In February, the Auditor General flagged a Sh8.9 billion military food tender due to a number of procurement flaws, including allowing certain “special” bids to proceed to the technical evaluation, the financial evaluation and award despite the bidders not meeting requirements.
Similarly, in 2015, the Kenya Bureau of Standards (Kebs) was ordered by the Public Procurement Administrative Review Board (PPARB) to repeat an evaluation of pre-export verification tenders on grounds that it discriminated against a bidder and that the bidding timelines were not adhered to.
Due to the huge sums of money involved, public procurement remains one of the most vulnerable enterprises to corruption across the globe.
The OECD observes that because of the volume of transactions and the financial interests at stake, corruption risks are exacerbated by the complexity of evaluation, political influence and power some members of the society wield.
The ethics commission indicates that a number of unethical dealings, undercuttings, bribery, political influence, shoving and pushing occur during bid evaluation.
A study by the World Bank and OECD indicate that those paying the bribes want to recover their money by inflating prices, billing for work not done, failing to meet contract standards, reducing quality of work or using inferior materials.
Bid evaluation does not only help to determine the lowest bids but is also useful in achieving value for money. However, evaluation is usually hijacked by various interests against procurement laws and rules.
Bid scrutiny is important in ensuring that bidders who do not meet the threshold are eliminated and the procuring entity should put in place mechanisms that can help identify cases of malpractice and malice between the bidders and the eassessors.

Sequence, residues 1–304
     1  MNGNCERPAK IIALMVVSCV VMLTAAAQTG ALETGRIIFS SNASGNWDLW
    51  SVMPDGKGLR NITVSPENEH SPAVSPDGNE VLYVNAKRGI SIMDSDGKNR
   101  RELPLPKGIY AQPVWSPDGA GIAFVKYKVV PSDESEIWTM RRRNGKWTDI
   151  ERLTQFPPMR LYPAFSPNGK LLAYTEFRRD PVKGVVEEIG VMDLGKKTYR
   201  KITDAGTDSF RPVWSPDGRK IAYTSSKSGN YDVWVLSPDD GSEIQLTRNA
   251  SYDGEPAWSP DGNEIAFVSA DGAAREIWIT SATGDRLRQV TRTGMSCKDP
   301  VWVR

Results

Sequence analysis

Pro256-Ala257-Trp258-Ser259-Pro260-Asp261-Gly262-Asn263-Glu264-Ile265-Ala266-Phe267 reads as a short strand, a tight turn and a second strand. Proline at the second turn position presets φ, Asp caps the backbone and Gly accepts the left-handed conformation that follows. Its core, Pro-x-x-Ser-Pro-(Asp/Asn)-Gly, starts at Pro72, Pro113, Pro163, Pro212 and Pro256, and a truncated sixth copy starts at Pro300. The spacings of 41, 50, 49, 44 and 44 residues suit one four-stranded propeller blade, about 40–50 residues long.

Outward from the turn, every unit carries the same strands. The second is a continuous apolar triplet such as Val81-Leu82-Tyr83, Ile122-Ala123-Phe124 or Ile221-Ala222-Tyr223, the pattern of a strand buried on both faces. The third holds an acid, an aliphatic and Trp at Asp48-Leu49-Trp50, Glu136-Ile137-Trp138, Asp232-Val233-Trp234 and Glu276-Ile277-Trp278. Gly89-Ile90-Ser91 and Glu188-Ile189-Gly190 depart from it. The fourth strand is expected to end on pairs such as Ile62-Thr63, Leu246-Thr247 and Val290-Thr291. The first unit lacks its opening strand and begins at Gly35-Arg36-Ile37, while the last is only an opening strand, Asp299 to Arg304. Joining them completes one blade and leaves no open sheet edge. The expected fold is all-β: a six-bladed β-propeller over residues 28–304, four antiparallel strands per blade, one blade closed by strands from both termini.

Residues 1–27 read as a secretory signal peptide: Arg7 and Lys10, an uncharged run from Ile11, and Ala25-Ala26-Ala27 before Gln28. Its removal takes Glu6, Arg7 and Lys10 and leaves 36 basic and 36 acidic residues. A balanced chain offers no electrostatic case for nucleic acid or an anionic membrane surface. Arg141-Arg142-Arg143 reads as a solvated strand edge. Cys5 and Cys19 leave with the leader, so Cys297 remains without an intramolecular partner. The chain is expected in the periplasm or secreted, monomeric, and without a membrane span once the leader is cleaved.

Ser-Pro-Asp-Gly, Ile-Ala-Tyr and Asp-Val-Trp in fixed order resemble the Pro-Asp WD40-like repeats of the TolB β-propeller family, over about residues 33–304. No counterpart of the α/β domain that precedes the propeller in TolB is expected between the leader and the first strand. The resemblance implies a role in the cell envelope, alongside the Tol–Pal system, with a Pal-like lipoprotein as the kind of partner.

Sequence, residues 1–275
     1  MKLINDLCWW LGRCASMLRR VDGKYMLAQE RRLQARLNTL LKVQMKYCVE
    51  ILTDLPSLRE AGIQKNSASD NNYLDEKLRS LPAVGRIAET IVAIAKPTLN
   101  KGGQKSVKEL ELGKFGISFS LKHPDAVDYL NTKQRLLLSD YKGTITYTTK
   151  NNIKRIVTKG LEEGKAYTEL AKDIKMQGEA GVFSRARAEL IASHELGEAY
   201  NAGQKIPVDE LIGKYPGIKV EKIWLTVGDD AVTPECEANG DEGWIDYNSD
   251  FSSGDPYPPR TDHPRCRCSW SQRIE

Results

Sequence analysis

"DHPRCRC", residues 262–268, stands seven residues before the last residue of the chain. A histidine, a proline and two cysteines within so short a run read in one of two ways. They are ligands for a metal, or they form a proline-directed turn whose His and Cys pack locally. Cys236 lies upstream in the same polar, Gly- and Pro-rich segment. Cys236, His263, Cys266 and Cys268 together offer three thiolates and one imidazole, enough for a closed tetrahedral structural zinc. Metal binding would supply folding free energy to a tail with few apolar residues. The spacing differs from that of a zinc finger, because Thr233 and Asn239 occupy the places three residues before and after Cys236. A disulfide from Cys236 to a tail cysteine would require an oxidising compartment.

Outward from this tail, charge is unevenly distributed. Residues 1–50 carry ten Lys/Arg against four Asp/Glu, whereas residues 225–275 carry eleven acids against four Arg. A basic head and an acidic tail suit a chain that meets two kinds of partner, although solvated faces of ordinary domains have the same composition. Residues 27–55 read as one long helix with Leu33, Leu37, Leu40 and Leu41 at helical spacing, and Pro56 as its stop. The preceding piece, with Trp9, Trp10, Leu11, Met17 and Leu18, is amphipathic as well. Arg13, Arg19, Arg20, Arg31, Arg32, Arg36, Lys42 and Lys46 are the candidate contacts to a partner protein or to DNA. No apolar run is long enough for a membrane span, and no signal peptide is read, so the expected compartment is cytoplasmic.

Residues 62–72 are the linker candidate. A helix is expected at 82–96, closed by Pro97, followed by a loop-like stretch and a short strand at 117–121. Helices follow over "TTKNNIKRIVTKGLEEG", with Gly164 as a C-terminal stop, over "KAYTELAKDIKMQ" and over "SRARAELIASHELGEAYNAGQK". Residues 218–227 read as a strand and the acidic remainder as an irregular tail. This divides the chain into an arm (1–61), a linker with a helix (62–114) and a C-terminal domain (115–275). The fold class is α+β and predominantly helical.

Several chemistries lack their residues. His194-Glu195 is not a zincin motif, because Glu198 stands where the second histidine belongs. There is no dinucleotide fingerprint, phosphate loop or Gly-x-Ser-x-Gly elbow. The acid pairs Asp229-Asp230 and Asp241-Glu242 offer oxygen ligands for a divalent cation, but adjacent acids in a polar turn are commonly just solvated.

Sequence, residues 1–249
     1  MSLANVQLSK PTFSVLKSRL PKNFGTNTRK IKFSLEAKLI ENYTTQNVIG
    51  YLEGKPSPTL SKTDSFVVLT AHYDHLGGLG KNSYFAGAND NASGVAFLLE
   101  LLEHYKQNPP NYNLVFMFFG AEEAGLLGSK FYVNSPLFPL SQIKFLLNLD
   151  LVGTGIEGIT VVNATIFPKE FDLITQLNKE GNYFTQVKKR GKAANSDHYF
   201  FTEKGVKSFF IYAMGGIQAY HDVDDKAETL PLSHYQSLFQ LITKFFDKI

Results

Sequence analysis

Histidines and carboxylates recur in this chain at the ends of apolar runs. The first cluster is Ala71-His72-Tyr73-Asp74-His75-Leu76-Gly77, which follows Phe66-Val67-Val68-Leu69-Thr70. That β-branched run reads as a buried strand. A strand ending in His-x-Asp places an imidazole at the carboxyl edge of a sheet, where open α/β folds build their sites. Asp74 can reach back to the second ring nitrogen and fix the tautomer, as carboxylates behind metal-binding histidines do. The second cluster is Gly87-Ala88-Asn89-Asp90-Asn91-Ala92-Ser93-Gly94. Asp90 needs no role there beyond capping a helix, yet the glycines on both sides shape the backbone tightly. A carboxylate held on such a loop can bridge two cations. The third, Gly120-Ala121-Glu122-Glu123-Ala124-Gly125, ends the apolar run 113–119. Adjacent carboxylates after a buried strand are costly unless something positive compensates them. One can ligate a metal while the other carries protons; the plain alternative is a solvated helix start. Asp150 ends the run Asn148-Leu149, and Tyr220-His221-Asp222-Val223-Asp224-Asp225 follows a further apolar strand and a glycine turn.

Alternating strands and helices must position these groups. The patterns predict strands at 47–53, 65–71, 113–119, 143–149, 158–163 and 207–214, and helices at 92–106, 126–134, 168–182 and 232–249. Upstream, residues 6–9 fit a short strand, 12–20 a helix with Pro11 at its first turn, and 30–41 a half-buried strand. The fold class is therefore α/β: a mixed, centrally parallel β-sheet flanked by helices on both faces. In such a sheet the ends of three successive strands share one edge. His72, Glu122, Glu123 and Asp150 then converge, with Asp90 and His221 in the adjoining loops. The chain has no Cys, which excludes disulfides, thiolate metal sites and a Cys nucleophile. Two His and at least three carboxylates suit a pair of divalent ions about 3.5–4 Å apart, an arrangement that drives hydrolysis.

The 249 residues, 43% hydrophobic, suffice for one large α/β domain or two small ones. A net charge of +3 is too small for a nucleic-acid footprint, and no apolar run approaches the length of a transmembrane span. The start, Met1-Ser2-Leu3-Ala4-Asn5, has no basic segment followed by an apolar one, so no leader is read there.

Evaluation should eliminate documentation that raises suspicion, including those that are forged. Any mistake in documentation should lead to disqualification.
After a water-tight evaluation, the procuring entity must ensure due diligence is done to the winning bids. This may include visit to the bidder’s premise, speaking with contacts to ascertain that the bidder has performed such a task before, among other considerations.
That said, care should be taken to ensure that the evaluation is also not abused to lock out eligible bidders, especially on minor compliance issues.
In Mexico, to limit interactions between public officials and bidders, all documents arising from tendering are exchanged electronically. The whole process is accessed through the website, including decisions on the awards.
In Germany, the Federal Procurement Agency in the Ministry of the Interior has set up an electronic workflow that helps centralise all information related to the procurement activities of the Agency and provide a record of the different stages of the ongoing procurement procedures.
There is a need for evaluation to be above board and teh assessing team should be made up of men and women of integrity to curb graft at the evaluation stage.